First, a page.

After you’ve finished the writing, have a copy editor look it over for any grammatical errors, misspellings or issues with flow. We actually had two copy editors look it over – just to be sure! Hire a fact-checker, too. You can’t make changes to your book after it’s in print, and you don’t want to have to live with mistakes. We also spent a lot of time going over the photos and layout and making sure everything looked just right. I’d suggest going over everything about ten more times than you think you’ll need to. We found things with almost every read-through or look-over.

POST PRINTING
Once you send your files off to the printer, the job is not finished! Now you’ll need to market and sell your book. You may want to plan a launch party, take part in book signings, and promote your book to the media (or find a publicist with the right connections!). Selling a self-published book can be daunting…there are some booksellers not even interested in hearing what you have to say. If that’s the case, we found that it helps to send an advance copy to wow them with your book. (Advance copies are the books you have the printer send you before the bulk is shipped. We chose to have 25 advance copies overnighted to us – they are pricier, due to shipping, but worth it for promoting the book before they hit shelves.)

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11 Comments

mindy

This article stopped too soon. I was reading to get to the important marking ideas…

Kelsey Mitchener

Loved hearing that Melissa and Kristin worked with two copy editors. One of the potential downsides of self-publishing is that you don’t have a team of professionals helping you with your book like you would if you were working with a publishing house–unless you assemble that team yourself, as Melissa advises. The errors a copy editor catches can really hurt your message if they’re left in your book and will make it even less likely for a bookseller to take an interest, even if your idea is great. Having a well-edited book really amps up the professionalism of your finished project. As a copy editor, I may be a little biased… but I loved seeing a self-published author promoting the importance of a good editor.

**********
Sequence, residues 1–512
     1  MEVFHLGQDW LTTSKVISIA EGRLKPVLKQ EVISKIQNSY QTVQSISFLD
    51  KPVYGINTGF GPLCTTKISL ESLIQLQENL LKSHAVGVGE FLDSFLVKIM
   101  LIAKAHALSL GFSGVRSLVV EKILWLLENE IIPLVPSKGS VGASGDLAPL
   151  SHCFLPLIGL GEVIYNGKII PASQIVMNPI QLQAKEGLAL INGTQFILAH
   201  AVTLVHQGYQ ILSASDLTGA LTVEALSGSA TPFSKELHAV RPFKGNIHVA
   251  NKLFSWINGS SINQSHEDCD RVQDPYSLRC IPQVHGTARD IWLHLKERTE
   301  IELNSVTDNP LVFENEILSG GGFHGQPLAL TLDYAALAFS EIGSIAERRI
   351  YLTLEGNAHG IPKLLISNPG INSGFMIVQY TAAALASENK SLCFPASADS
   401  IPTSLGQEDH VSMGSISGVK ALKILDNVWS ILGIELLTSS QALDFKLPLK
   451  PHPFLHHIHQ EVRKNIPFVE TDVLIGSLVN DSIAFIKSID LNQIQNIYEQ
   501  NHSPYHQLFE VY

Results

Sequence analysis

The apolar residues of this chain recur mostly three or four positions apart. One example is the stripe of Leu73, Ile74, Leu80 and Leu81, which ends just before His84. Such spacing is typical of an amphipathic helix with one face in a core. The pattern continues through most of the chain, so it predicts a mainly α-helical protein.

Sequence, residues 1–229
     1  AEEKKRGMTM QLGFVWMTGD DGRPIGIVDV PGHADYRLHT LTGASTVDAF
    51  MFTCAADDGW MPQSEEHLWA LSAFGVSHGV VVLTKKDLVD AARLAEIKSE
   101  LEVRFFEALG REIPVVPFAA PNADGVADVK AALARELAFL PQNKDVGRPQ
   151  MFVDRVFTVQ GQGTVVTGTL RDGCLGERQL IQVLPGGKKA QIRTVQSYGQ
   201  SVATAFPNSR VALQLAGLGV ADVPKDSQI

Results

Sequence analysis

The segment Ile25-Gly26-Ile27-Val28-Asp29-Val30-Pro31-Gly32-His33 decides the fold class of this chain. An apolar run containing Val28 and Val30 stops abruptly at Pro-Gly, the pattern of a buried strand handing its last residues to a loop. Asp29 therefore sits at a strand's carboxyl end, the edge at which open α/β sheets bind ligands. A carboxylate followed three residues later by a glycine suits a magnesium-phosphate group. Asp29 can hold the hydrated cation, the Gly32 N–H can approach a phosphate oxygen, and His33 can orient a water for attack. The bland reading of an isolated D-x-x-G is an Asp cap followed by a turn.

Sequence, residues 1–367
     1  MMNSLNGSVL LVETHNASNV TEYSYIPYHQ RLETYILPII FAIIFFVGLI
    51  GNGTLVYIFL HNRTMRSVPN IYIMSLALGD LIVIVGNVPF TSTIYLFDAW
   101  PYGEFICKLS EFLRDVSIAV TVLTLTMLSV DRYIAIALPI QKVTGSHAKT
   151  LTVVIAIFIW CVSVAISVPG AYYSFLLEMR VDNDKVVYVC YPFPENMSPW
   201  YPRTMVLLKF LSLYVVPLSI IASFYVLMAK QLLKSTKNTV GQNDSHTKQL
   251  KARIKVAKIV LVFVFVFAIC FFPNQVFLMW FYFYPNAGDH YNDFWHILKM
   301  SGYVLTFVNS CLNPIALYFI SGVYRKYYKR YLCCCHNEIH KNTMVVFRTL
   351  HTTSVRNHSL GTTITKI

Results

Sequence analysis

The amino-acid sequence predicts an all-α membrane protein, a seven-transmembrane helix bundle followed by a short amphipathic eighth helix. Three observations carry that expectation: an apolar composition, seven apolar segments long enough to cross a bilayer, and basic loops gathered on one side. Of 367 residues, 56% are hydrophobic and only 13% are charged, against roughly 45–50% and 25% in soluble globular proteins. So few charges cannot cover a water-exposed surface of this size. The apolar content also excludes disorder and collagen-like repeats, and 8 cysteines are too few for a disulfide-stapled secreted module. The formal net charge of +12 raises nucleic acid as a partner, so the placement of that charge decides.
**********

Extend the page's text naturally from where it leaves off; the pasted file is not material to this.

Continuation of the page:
Lisa

Great article! If you don’t mind, I’ll post the link on our company’s FB page; we print books for self publishers all the time, and they’re always looking for tips and advice. Thanks! http://www.pubgraphics.com

Jeffrey

Exciting and timely! I’m in the beginning of writing my first book for kids. Really appreciate the info!

Julie

I too thought the article ended too soon. I was interested in the self promotion and marketing aspects of the project.

Grace Bonney

Hi Guys,

Thanks so much for your feedback, we’ll touch base with the author and make sure we get those aspects of the process covered in a follow up post :)

Grace

Jennifer @ Star Sisters Books

This info is great. I just self-published a children’s chapter book series because, like these talented ladies, I was committed to my idea with all my heart and wanted total control over my final product. What’s surprised me the most is that self-publishing a book really is like running a small business. It’s not just about the writing – the production, marketing, and selling is just as important and time consuming. But I’m so glad that I took the path that I did. I used Amazon Createspace and have had a great experience with them, the biggest benefit being that they’re print on demand so there’s no large upfront printing costs. Thanks for this great post!

Melissa Davis

Hi everyone! Julie, I’m so sorry I didn’t go too much into promoting the book. isn’t that ironic as I’m a publicist?? ;) I’m happy to share in a follow up- thanks Grace!

Thrilled to share what we could and to be on Design Sponge!! Thank you!!

Jen O

Thank you for sharing your self publishing process–clearly it was a professional project from the start and the cover design communicates your content perfectly. I just took a look at the Kickstarter page for this project, and it’s obvious that from the start you had an amazing support group for the book. I don’t think I have ever seen so many contributions from a community and it’s just a jump from that to see that your book idea was ‘sold’ from the beginning to a wide range of local followers. I would think that rounding up those supporters was is a promotion of sorts and a great way to create a demand for the book before it was published (genius!).